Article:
.. title: Single-axis tracking and backtracking, part 1
.. slug: single-axis-tracking-and-backtracking-part-1
.. date: 2020-02-05 18:52:19-07:00
.. tags: pv, python
.. category:
.. link:
.. description:
.. type: text
.. has_math: True
The tracking algorithm used in most commercial PV tracking systems is fairly
sophisticated. It has to be able to know where the sun is and how to orient
the array to best take advantage of the available sunlight. Let's figure out
how they work!
.. TEASER_END
At the basic level, the goal of tracking is to point the panels towards the sun
as directly as possible. This maximizes module exposure to beam irradiance, which
makes up the majority of incoming sunlight. Tracking can be implemented any
number of ways. One of the more exotic methods involved black balloons filled
with a volatile liquid. The balloons were placed under each side of the modules
so that when the modules faced away from the sun, the exposed balloon heats up
and expands, pushing the modules until the light is blocked. I'll leave the
downsides to this approach as an exercise for the reader.
Another "empirical" approach is to detect solar position electronically and rotate
appropriately with a motor. The internet is full of toy examples of this approach
(`for instance `_)
because photodiodes are cheap and because this approach dynamically detects solar
position, you don't have to go to any trouble aligning the tracker mount or worrying
about what time of year it is or where in the world you are. However, relying
on instrumentation to determine the optimal angle is a little risky -- the angle
calculation would get thrown off by stray reflections, small obstructions
(grasshoppers!), snow accumulation, sensor drift...
The most common approach is to use a mathematical model to calculate solar position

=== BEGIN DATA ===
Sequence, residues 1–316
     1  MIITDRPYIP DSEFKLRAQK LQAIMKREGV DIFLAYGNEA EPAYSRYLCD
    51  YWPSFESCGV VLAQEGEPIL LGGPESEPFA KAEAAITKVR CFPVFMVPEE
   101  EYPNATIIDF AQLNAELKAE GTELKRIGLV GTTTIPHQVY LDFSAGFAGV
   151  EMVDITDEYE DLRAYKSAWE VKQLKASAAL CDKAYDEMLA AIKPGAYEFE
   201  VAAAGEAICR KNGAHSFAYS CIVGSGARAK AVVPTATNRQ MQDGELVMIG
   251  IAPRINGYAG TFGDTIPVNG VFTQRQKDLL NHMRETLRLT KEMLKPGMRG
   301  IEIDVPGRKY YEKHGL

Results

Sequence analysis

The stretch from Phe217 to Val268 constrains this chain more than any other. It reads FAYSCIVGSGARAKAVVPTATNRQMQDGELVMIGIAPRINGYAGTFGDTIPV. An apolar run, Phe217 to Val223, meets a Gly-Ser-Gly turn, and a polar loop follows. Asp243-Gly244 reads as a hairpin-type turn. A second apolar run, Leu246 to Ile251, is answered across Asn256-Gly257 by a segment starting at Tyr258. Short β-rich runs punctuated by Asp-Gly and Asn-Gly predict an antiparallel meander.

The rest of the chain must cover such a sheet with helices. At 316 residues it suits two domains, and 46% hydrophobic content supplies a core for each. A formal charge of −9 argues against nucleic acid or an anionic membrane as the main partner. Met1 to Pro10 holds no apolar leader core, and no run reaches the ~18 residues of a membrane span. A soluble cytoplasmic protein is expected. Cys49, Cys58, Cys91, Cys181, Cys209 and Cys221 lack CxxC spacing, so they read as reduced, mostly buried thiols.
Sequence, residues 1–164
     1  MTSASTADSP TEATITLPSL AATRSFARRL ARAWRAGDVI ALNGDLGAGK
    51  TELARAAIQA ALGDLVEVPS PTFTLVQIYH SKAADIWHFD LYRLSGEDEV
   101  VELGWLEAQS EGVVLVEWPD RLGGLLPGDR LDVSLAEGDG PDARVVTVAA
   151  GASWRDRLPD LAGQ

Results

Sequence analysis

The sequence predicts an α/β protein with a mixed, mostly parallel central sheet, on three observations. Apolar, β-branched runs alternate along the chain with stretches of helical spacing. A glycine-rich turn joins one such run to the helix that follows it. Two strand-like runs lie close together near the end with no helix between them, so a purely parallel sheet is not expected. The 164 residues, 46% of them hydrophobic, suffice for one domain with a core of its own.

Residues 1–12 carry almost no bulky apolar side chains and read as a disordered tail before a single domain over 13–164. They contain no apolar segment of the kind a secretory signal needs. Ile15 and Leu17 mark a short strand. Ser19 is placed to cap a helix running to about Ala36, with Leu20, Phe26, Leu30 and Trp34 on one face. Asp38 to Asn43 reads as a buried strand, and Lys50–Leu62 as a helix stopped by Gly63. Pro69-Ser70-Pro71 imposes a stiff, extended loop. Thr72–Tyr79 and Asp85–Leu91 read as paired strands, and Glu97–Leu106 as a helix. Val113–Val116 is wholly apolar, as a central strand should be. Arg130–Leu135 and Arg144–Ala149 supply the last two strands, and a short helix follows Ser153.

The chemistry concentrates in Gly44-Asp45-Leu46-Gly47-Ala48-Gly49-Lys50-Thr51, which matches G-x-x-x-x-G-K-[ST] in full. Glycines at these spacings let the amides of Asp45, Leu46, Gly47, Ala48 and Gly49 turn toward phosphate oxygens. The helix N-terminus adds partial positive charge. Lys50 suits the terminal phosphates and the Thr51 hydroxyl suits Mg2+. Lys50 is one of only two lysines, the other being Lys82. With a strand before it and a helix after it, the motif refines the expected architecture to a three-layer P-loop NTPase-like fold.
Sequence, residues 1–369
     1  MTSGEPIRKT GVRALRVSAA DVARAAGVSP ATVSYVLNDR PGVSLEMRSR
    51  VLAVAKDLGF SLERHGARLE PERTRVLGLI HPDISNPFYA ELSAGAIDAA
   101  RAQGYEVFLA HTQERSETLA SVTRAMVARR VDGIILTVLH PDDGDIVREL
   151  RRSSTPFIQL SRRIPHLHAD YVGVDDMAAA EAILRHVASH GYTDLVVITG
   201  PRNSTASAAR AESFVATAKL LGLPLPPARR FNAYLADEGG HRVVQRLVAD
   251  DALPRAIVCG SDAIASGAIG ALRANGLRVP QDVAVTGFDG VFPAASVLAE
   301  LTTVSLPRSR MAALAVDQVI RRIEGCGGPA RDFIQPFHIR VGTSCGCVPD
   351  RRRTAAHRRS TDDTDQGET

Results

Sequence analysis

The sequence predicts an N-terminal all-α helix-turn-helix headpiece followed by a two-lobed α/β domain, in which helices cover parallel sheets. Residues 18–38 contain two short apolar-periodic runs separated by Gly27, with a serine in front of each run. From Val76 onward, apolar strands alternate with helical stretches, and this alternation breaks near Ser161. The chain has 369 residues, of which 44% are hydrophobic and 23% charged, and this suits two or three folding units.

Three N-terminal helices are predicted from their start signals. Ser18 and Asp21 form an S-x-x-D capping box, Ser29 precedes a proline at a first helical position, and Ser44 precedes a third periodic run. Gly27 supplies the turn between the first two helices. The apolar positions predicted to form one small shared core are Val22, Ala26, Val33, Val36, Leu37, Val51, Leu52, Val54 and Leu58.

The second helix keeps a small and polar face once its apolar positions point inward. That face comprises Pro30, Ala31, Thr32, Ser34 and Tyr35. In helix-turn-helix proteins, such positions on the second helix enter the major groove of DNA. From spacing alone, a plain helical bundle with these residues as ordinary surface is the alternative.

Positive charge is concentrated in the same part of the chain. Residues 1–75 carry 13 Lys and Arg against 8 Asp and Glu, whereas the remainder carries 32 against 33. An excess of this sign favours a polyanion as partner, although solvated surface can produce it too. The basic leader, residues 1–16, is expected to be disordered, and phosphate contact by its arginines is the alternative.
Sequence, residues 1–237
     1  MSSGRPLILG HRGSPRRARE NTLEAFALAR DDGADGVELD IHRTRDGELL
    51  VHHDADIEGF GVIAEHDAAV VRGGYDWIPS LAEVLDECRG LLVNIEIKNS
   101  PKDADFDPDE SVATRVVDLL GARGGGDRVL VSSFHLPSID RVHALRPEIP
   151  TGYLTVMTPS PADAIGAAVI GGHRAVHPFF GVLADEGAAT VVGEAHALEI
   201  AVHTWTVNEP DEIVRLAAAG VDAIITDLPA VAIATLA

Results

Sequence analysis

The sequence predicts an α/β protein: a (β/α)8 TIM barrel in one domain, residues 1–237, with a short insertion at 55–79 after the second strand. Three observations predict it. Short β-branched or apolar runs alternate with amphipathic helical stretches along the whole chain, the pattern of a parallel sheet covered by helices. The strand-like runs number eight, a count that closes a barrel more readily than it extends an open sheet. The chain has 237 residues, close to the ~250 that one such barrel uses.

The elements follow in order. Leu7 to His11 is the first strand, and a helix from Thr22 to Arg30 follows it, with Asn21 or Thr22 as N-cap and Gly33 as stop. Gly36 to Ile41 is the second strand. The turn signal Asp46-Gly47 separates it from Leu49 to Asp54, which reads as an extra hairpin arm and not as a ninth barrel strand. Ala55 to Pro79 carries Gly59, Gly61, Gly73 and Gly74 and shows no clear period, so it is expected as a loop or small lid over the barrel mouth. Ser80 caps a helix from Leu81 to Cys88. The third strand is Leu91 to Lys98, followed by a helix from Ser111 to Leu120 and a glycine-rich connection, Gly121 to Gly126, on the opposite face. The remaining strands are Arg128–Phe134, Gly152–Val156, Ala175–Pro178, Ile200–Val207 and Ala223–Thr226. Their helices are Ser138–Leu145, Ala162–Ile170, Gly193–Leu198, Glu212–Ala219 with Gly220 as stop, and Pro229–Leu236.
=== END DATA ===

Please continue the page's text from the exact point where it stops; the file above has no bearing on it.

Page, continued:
based on array location and time of day and calculate the optimal tracker position
with a little trigonometry.
Solar Position
--------------
One of the most popular methods of determining the position of astronomical
bodies is to use pre-made ephemeris tables (e.g. JPL Horizons [1]_). Another
method (and the default in pvlib-python [2]_) is the NREL Solar Position
Algorithm (SPA) [3]_. The SPA is fairly complex (the `current pvlib implementation
`_
is over 1000 lines of code), but highly accurate, capable of calculating
solar zenith and azimuth angles in the period from the year -2000 to 6000,
with uncertainties of :math:`\pm0.0003^\circ`
So suffice to say it'll be fine for our purposes. Given a latitude, longitude,
and datetime, we can calculate solar position to a much higher precision than
any tracker could take advantage of. Technically the SPA also requires
pressure, temperature, and atmospheric refraction but these have small effect
and pvlib supplies suitable default values.
Tracker Geometry
----------------
Look at this excellent diagram:
.. image:: /images/solar_position_3d.jpg
:align: center
Credit: *Submerged and Floating Photovoltaic Systems: Modelling, Design and Case Studies*.
Marco Rosa-Clot and Giuseppe Marco Tina, 2018.
Unfortunately it's for a south-facing system and we're talking about N-S axis systems
that rotate E-W.
Using the labeling in that diagram, the SPA gives us solar zenith :math:`\theta_z`
and solar azimuth :math:`\gamma_s`. Because our trackers can only rotate in a
single axis, we can collapse the N-S axis without losing any necessary information.
Look at this crappy diagram:
.. image:: /images/solar_position_2d.png
:align: center
This is looking along the N-S tracker axis and :math:`x` is along the E-W axis.
:math:`\phi` is both the solar zenith angle adjusted for the N-S collapse and the
tracker angle that aligns the row as directly as possible towards the sun.
Once solar position is determined, calculating the tracker angle that minimizes
angle of incidence is pretty straightforward:
.. math::
x = \sin \theta_z \sin \gamma_s
.. math::
z = \cos \theta_z
.. math::
\tan \phi = \frac{x}{z}
Very easy!
.. code-block:: python
:number-lines:
import pandas as pd
import numpy as np
import pvlib
times = pd.date_range('2019-03-01', '2019-03-02', freq='5min', tz='US/Eastern')
location = pvlib.location.Location(40, -80, tz='US/Eastern')
solpos = location.get_solarposition(times)
solpos = np.radians(solpos)
x = np.sin(solpos.zenith) * np.sin(solpos.azimuth)
z = np.cos(solpos.zenith)
phi = np.degrees(np.arctan2(x, z))
phi[z < 0] = 0
phi.plot()
.. image:: /images/truetracking_angle.png
:align: center
It has all the properties you'd expect -- facing straight east in the morning,
rotates to flat at midday, and faces straight west in evening. This is the "basic"
tracking pattern and is called true-tracking.
References
----------
.. [1] JPL HORIZONS emphemerides https://ssd.jpl.nasa.gov/?ephemerides
.. [2] pvlib.solarposition https://pvlib-python.readthedocs.io/en/stable/api.html#solar-position
.. [3] I. Reda and A. Andreas, Solar position algorithm for solar radiation
applications. Solar Energy, vol. 76, no. 5, pp. 577-589, 2004.
https://midcdmz.nrel.gov/spa/